“Upside Down” is a dystopic sci-fi romance about inverted planets that will have auds wondering which way is up, but not really caring much or for very long. The film, Argentine helmer Juan Solanas’ sophomore feature as a writer-director, stars the charming team of Jim Sturgess and Kirsten Dunst as lovers who aren’t just star-crossed but doomed to occupy opposing gravitational fields. The difficult-to-grasp concept will likely thwart box office liftoff.
Any movie that requires five minutes of explanatory narration is in trouble right away. As laid out by Sturgess’ hero, Adam (Dunst plays Eden), the two worlds they occupy — her above, him below — are mere miles apart, but governed by opposing gravities. This means that the two populations, of Up Top and Down Below, experience the other world upside-down.
Since each planet is in the same relation to the other, one can only surmise a political reason for why one is called Up Top and the other Down Below: Up Top is sucking all the resources out of Down Below, as the sinister TransWorld operation keeps the poorer planet oppressed while pursuing its evil-corporation agenda. The only connection the two worlds share is the massive, parasitic TransWorld tower — except for Adam and Eden, of course, who share love.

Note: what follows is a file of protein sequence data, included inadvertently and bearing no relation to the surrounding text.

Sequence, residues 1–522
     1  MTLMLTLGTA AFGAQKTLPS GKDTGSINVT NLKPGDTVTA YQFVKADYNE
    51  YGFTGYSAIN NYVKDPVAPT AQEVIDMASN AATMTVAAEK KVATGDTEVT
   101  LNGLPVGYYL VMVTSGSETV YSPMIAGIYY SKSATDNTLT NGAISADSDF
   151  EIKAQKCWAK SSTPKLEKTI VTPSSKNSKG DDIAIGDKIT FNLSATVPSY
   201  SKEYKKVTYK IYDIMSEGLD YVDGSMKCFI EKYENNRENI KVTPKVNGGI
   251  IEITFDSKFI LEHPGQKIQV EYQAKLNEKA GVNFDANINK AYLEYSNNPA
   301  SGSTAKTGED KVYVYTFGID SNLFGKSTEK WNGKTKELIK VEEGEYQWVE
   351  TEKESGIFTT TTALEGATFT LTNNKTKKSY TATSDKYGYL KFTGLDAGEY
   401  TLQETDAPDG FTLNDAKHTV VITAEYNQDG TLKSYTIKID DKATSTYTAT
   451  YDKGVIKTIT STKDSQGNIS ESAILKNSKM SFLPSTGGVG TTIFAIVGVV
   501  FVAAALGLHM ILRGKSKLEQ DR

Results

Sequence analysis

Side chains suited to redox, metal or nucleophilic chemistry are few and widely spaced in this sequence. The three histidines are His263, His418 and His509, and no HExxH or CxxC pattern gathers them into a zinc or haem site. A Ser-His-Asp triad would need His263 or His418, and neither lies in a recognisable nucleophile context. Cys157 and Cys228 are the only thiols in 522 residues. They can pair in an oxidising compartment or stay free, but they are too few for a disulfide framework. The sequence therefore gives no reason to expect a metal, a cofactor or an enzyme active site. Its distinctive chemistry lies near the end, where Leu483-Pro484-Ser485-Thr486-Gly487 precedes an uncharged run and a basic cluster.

As childhood sweethearts who meet in a gravity-defying display of dramatic convolution, the two have their clandestine meeting interrupted by the authorities, during which Eden suffers an amnesia-inflicting head injury. For years, as Adam pines below for Eden, she has only the faintest idea that, once upon a time, she had an inverted friend.
The romantic goal of “Upside Down” is their eventual reunion, aided by Adam’s valiant efforts to defy nature and get his girl. En route, Solanas milks the gravity gimmick for all it’s worth, except when it becomes inconvenient. As has been explained during the film’s lengthy intro, the planet where one is born determines your gravitational force for life, no matter which planet you happen to be on. However, possessing matter from the opposing planet allows one to walk around on Down Below or Up Top, without flying into space. But the effect lasts only a little while before the matter starts burning.
This allows the pic all manner of situations in which Adam is racing the clock and/or being set on fire while fighting the force of gravity: During a scene in which he uses a urinal, the stream flows upward, pooling on the ceiling. And yet, Adam doesn’t walk around Up Top with his hair on end, or his eyebrows perpetually arched. Even if a viewer were charitable enough to buy into Solanas’ premise, a flawed construct is constantly rearing its ugly head.
Of course, had all else been working — premise, screenplay, plot mechanics — “Upside Down” might have been a winning enterprise: Sturgess is certainly a terrific young actor; Dunst is her usual winsome self. But there’s simply too much one has to think over, including the idea that half the cast, which includes a piquant Timothy Spall, is always upside down. It’s a notion that ultimately demands too much heavy lifting for a movie that’s supposed to be a flight of fantasy.
Tech credits are solid, especially the otherworldly visual effects.